October 19, 2017

UX Roundup: UX vs. UI, UX Myths, & Design for the Visually Impaired

VM Weekly Roundup #thisweekineverything

Welcome to our industry news roundup, where the rubber meets the roadmap.

UX vs. UI Design

UX vs. UI Design: It’s Complicated, But Important to Understand

UX (User Experience) design and UI (User Interface) design are often talked about almost interchangeably, and that can make it hard to grasp the differences between the two. Both disciplines center the end-user from start to finish. Though this article is technically directed towards software UX and UI design, the principles discussed here are the same for web design. Practically, UX and UI concerns are often handled by the same person when we’re talking about web design.

10 Second Tip: The article’s analogy to building a house is pretty helpful for putting the two disciplines in context. The UI designer is like the architect, designing exactly where each room will go and how the eventual homeowner will be able to move from room to room. The UX designer is the interior decorator, who creates the inside aesthetic that influences the overall look and feel of the home. They work symbiotically together. “UX without UI would be a house that has the right layout and number of rooms but is horribly outdated or run-down. UI without UX would be a beautiful modern, open loft studio would not meet the needs of a large family.”

Test Drive: Keep these 7 facets of UX design in mind when designing your website to create the best possible user experience: 1) Is it useful? 2) Is it usable? 3) Is it desirable? 4) Is it findable? 5) Is it accessible? 6) Is it credible? 7) Is it valuable?

10 UX Design Myths Revealed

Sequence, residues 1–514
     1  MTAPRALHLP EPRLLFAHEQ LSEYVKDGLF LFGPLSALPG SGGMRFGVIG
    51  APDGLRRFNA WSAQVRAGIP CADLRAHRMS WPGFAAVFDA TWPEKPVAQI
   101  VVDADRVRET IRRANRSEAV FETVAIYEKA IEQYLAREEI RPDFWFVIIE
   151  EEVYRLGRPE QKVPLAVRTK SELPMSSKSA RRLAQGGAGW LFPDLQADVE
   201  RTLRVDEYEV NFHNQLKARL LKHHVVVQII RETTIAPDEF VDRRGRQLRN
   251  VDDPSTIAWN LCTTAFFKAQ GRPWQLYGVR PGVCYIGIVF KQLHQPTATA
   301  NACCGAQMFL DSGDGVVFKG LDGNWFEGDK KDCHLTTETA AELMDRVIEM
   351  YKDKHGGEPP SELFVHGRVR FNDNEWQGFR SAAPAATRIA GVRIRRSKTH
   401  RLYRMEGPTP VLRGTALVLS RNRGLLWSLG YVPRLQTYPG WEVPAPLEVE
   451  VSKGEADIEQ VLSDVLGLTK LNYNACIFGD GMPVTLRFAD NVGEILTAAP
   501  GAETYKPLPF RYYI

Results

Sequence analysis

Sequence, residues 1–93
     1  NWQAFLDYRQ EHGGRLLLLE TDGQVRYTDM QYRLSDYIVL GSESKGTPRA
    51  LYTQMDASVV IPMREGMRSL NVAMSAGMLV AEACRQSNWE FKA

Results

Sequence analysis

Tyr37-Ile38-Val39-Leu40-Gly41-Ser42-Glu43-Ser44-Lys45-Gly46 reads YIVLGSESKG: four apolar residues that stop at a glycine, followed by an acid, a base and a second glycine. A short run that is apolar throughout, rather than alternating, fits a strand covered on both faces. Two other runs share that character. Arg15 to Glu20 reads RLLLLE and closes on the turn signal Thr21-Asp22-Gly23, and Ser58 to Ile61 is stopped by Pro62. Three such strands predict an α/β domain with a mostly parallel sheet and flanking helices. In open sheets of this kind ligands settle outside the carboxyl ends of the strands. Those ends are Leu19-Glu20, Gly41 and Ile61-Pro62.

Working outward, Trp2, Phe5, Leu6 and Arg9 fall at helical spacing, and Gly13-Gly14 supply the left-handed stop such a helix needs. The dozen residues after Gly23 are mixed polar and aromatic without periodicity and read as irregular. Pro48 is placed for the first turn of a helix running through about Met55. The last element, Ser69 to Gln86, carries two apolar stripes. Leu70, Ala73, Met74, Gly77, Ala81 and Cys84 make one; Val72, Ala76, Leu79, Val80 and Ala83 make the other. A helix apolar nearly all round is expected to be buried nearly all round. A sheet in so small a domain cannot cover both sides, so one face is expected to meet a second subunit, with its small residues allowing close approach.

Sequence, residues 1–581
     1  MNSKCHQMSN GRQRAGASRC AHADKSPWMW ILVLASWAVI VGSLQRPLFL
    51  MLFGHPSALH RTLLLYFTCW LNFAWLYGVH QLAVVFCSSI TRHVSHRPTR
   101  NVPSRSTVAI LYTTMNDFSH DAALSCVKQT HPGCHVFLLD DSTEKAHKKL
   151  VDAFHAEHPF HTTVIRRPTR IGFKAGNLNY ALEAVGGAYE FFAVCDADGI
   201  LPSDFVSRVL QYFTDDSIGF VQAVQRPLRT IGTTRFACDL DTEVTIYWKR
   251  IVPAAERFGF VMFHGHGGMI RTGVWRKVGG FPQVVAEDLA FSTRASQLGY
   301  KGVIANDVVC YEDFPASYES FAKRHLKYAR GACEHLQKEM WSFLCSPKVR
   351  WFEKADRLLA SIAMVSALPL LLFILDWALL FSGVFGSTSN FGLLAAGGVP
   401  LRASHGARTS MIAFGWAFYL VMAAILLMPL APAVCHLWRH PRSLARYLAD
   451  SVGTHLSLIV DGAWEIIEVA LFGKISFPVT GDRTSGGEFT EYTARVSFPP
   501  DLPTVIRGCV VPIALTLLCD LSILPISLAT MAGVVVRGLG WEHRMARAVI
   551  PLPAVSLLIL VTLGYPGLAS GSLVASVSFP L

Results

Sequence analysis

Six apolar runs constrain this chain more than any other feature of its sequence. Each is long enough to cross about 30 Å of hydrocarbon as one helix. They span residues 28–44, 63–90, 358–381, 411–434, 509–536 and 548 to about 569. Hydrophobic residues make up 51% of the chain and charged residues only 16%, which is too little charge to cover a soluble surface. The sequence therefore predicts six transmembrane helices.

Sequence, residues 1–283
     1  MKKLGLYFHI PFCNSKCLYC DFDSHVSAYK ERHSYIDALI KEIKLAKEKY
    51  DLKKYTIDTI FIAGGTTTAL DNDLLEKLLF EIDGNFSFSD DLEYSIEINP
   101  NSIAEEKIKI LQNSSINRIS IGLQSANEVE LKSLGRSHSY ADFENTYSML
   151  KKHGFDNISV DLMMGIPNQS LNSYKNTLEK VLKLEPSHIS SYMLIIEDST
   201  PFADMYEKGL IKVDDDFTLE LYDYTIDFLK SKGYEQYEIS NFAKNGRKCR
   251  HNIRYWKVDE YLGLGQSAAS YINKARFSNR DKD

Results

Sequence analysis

10 UX Design Myths Revealed

This list of UX design myths put together by a Cardiff agency has a few gems worth repeating, even for those of us in the trenches. Just like the web, UX is always evolving. Some of these myths were true (or part true) once.

10 Second Tip: A couple of our favorites: #5: “Your homepage is the most important page. Not always true, especially if you’re practicing SEO best practices on all pages.” These days, if you’re optimizing your pages correctly for search, you have no guarantee that people who find your website will enter through the homepage. Their search query might’ve led them to a direct link to your high-ranking blog post, a services page, or any number of well-optimized pages on your website. #6: “You can design a website without knowing the content.” This one’s a biggie. You can’t create a good user experience without keeping the content needs in mind at all times. Designing an attractive website is important, but a good UX designer knows how to use the layout and visual aesthetic to support and build on the message in your content, never detracting or resorting to mere window dressing.

Test Drive: Take a look at the non-homepage pages of your website and imagine yourself as a new, unfamiliar user. What kind of impression does each page make?

Designing for Accessibility

Making Your Website Accessible for the Visually Impaired

When it comes to being accessible for those with visual impairment, most of the web could use improvement. That’s largely because web designers haven’t been trained to anticipate the needs of the visually impaired, and industry norms haven’t been firmly established. This overview gives a good glimpse into what kinds of visual impairment to be aware of as web designers, as well as techniques that can help.

10 Second Tip: Making the web more accessible for everyone isn’t just the right thing to do, it’s the smart thing: it’s been estimated that about 10% of online customers will have significant visual impairment of some kind, and it’s something most of us will experience to some degree as we get older (perhaps especially as we look longer and longer into our screens). 4% of the population struggle with low vision, and another 4.5% of the population are diagnosed with color blindness. For those site visitors, your text may be too small to read, and that nifty color-coded statistics graph may be unreadable too.

Test Drive: These are all important things to keep in mind, and in our opinion, the education shouldn’t end there. There are also plenty of best practices web designers can implement to better cater to the legally blind as well, by making sure websites are properly crawlable and make sense to screen reader programs. If you’re interested in learning more, we like this handy guide by Laura Kalbag and A Book Apart.